CRM is not a piece of software you can simply buy, plug in, and watch while it transforms your business for the better.
Manage it well and it will radically improve your business, boosting revenues, improving quality of service and customer experience, lowering operational costs, and enhancing visibility of key business information to inform and improve business decision-making. However, it will only bring those benefits if it is managed well.
Central to this effective management is recognising that it is more than a technology solution that you can plug in and leave to work its magic.
Think of it instead as a platform that enables change. In fact, CRM has far less in common with a piece of software than it does with an organisation-wide programme of change management. View it in that way and it is likely to be a success, and that begins with addressing the four Ps of CRM implementation: plan, processes, people and partner.
Your CRM implementation must begin with a clear mapping out of what you want to achieve. Spend time understanding the specific benefits that CRM can bring to your business, and in putting together a detailed business case for CRM. You can read our detailed guidance on how to do this here.
You will then begin your implementation with agreed and shared objectives across your organisation. There will be no hidden assumptions – for example the sales team expecting the focus of CRM to be on producing more leads, and the finance team expecting it to automate quoting and so free them up for more strategic work, while in fact the key objective is improving the customer experience and so improving retention. And you will know what success looks like, which will enable you to measure ROI and drive focus across the organisation.
A key benefit of CRM is that is encourages organisations to improve their processes. That is not the same, however, as automatically improving those processes. It still requires you and your colleagues to seize the opportunity to review underlying business processes and decide whether these need to be changed and improved and if so in what way.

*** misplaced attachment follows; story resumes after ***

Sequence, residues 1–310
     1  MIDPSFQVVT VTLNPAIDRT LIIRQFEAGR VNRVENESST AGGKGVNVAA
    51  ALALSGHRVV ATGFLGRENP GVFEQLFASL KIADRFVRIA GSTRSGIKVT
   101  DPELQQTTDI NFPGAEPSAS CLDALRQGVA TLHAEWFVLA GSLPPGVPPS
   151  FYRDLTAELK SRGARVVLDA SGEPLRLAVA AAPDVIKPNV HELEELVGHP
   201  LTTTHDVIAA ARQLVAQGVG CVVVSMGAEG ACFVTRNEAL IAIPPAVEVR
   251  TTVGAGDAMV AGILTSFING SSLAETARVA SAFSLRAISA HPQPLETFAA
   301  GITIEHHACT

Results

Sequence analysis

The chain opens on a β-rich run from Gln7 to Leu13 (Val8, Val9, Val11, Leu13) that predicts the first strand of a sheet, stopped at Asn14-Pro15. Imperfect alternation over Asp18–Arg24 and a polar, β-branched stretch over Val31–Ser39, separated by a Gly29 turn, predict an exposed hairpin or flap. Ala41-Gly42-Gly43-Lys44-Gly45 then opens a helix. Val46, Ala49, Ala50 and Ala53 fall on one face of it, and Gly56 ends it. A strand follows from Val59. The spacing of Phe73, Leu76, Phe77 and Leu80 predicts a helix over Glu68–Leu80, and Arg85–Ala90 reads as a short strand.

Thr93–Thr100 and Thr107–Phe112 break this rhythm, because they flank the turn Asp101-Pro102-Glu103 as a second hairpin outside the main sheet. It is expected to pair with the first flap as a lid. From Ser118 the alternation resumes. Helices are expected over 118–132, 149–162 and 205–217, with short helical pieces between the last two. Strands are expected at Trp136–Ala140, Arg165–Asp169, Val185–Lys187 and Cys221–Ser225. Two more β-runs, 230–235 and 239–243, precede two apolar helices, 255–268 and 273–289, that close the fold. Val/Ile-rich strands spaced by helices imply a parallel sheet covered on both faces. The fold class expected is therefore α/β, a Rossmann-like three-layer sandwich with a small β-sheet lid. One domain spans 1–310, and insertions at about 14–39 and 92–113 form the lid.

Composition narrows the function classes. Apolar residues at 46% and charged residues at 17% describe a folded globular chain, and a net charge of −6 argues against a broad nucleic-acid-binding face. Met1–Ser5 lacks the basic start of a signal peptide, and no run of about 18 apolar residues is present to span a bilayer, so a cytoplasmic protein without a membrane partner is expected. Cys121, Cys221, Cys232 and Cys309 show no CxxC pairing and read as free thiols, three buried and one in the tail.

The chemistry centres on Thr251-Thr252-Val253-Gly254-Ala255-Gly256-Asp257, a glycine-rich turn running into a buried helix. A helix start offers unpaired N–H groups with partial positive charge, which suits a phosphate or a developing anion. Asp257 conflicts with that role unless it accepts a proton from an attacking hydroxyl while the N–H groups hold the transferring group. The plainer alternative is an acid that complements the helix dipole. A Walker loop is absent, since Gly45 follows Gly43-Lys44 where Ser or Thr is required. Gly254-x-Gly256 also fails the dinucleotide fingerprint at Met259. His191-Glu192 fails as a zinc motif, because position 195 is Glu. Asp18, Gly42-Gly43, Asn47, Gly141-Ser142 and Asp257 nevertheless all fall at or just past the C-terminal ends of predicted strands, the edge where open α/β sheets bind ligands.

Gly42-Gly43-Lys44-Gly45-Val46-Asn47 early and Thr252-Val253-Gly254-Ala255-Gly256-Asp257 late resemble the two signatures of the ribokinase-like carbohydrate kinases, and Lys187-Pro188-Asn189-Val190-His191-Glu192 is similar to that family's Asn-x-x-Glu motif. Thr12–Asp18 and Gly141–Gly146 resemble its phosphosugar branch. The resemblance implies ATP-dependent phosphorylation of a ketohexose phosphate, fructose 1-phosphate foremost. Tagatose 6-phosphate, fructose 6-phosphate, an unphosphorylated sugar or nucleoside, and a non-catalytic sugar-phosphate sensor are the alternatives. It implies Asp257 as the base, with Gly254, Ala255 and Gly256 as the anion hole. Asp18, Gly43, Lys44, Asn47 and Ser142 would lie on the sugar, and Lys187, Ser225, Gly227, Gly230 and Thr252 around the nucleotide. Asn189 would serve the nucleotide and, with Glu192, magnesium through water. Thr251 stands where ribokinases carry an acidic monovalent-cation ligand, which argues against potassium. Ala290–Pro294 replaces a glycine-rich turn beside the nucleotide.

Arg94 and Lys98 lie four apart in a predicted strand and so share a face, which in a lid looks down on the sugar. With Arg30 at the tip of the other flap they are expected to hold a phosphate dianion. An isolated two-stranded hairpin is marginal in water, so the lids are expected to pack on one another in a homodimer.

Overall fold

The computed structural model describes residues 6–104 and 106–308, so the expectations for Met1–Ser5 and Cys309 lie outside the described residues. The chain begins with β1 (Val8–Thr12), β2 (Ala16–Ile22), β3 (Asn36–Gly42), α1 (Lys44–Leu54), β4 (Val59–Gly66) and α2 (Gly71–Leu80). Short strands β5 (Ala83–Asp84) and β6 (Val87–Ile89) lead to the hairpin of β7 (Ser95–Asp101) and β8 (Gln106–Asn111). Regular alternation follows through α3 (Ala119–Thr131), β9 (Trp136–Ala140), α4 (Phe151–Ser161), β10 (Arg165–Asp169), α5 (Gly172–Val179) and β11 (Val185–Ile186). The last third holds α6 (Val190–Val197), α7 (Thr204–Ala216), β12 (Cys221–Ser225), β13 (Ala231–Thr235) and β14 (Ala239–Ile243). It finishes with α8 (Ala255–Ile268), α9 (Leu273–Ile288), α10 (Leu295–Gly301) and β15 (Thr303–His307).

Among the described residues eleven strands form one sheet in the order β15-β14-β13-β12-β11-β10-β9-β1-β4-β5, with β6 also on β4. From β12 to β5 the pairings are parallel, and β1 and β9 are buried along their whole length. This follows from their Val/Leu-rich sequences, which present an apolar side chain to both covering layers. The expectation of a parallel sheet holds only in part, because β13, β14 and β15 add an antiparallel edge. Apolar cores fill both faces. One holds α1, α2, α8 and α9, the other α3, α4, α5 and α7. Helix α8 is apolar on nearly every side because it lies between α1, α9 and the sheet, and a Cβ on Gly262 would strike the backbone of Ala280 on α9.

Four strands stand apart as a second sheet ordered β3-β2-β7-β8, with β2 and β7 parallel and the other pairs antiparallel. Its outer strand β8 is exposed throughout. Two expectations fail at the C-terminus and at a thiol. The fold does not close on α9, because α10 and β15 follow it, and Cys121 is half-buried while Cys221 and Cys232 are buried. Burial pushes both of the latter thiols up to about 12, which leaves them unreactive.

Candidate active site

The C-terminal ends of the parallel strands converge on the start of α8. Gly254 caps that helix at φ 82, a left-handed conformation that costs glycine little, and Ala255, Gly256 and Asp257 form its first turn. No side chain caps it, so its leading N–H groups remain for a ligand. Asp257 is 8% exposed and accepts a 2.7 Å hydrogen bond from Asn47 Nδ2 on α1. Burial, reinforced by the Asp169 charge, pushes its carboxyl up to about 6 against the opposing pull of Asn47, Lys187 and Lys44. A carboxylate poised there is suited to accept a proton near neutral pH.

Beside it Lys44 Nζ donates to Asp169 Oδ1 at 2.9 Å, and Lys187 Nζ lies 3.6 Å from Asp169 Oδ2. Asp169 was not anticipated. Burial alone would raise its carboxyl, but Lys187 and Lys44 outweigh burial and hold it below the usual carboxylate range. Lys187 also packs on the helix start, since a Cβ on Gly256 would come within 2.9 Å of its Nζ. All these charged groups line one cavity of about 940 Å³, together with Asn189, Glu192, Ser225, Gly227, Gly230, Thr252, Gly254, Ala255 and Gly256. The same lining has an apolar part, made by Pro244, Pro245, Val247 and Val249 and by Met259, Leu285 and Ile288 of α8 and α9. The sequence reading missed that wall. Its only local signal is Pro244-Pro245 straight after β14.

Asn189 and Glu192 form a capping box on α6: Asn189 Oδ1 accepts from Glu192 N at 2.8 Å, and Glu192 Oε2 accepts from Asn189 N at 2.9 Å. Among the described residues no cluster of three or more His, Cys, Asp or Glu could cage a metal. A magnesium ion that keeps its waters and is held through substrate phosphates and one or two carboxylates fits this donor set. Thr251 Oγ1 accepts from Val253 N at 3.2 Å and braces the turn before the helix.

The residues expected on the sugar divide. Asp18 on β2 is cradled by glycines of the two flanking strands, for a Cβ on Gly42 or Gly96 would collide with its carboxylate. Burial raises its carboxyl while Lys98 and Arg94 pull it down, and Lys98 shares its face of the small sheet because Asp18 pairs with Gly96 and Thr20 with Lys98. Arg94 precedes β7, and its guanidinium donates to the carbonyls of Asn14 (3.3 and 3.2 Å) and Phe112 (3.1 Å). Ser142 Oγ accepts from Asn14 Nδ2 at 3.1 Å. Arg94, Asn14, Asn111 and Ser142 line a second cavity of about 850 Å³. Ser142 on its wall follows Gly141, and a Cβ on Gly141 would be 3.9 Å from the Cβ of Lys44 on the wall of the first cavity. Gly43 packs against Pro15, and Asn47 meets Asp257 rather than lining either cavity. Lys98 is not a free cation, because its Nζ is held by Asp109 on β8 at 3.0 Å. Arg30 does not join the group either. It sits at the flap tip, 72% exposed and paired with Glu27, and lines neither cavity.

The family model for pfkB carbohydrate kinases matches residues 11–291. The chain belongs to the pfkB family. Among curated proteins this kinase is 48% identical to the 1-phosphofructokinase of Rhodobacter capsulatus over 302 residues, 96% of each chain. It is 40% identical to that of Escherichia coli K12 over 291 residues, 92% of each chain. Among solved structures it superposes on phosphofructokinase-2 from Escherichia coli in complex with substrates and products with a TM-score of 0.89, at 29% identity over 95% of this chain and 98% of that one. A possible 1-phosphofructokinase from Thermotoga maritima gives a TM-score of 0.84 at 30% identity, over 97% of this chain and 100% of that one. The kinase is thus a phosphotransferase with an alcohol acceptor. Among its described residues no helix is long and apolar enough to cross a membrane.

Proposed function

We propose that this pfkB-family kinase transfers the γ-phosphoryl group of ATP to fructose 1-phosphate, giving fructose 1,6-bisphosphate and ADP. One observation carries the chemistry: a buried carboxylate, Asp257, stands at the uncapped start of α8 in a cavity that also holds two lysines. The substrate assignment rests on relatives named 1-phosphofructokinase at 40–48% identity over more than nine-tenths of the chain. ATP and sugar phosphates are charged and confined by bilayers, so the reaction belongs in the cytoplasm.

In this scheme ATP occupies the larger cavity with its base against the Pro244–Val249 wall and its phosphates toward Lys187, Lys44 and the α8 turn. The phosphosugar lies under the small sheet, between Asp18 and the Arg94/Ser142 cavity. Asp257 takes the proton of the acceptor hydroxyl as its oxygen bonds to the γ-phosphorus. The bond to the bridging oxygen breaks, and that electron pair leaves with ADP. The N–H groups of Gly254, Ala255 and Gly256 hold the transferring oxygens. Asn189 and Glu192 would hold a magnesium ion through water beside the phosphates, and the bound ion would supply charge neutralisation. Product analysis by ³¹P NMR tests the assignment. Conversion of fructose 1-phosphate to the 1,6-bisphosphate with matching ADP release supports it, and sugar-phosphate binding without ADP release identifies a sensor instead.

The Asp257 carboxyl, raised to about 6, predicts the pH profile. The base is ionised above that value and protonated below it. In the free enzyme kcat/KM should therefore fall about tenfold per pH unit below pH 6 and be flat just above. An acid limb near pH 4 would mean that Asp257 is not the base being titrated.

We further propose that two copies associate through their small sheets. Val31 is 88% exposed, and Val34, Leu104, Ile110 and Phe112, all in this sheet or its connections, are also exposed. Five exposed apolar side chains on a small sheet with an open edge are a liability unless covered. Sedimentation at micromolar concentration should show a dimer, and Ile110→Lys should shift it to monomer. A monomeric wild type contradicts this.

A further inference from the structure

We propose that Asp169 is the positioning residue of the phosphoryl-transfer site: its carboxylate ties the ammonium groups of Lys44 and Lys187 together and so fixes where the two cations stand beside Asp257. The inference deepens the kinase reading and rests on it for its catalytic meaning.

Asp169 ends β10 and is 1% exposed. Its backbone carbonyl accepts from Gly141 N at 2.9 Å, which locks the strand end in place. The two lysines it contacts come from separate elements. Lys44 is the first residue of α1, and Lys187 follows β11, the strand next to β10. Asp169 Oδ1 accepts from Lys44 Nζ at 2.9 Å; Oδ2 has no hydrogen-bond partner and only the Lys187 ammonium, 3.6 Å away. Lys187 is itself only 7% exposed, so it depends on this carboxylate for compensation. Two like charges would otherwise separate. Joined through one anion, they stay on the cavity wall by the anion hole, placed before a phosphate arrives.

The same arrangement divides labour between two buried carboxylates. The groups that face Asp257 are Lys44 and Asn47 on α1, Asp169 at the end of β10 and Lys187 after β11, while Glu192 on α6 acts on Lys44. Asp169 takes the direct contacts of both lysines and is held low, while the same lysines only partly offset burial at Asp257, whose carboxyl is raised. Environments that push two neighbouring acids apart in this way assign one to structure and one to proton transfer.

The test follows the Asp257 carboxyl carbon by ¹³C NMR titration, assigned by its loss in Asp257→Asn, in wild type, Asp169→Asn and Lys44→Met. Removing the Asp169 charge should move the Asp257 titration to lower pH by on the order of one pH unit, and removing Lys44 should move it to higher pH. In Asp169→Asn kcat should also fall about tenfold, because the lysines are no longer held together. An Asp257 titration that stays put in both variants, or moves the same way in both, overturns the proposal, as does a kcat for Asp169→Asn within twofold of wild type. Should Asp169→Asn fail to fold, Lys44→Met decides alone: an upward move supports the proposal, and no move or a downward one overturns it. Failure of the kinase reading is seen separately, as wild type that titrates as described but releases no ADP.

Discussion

It is essential that you do this. Be prepared to uproot even the most well-established process. Question why you do things that way and see if there is a better way you could be doing them. Your CRM implementation will expose many of the flawed processes, and guide you towards better ones, but it still requires you to adopt this review and rethink approach.
Data is essential at this stage. The decisions you make on your processes will to a large extent be driven by the information you have on what works well and less well in your organisation. For this reason the quality and ongoing governance of your data is of paramount importance. It should not be undervalued and it will serve you well once you have started your CRM journey.
People are critical to the success of any CRM implementation. In the first instance you need to gain proactive support at the most senior level of the organisation. This must be more than a willingness to sign the cheque. It must be a visible ongoing commitment to the CRM implementation.
After that you should aim to identify champions of the project. This is one person or a small group of people who realise the value of the project, understand the problems it will solve, and will dedicate time and energy to making it happen.
Finally, think through how you will communicate the implementation to your people. Be prepared to encounter resistance to the project. It is after all a major change, and people tend to resist change. So, pinpoint the benefits to specific groups and find ways of communicating them to those people. Get them involved early on in the project, get them to help in designing the processes etc.
Your choice of partner in your CRM endeavour is critical, but so is the way you work with them. Before making your choice be clear on the features you will need, the factors such as price, level of support, migration process, and user training which matter to you, and make your selection accordingly.
CRM is a mature market with many vendors, all of which with a slightly different offer and approach, so do your research and find the one with the best fit to your specific needs. Then work closely with them. They should be able to help you make your plan, offering the benefit of their experience in CRM implementations. They should be able to help in redesigning your processes and engaging your people. They should operate not as a vendor, but as a true partner.
There is much beyond technology to consider with CRM. A CRM software is a powerful tool which will enable business improvement, enhance your processes, inspire your people, and build effective, long-term relationships. But you need to be prepared to make decisions and take actions not just on technology but also on your business plan, on processes, data and people. And if you do, the rewards will be immense and transformational.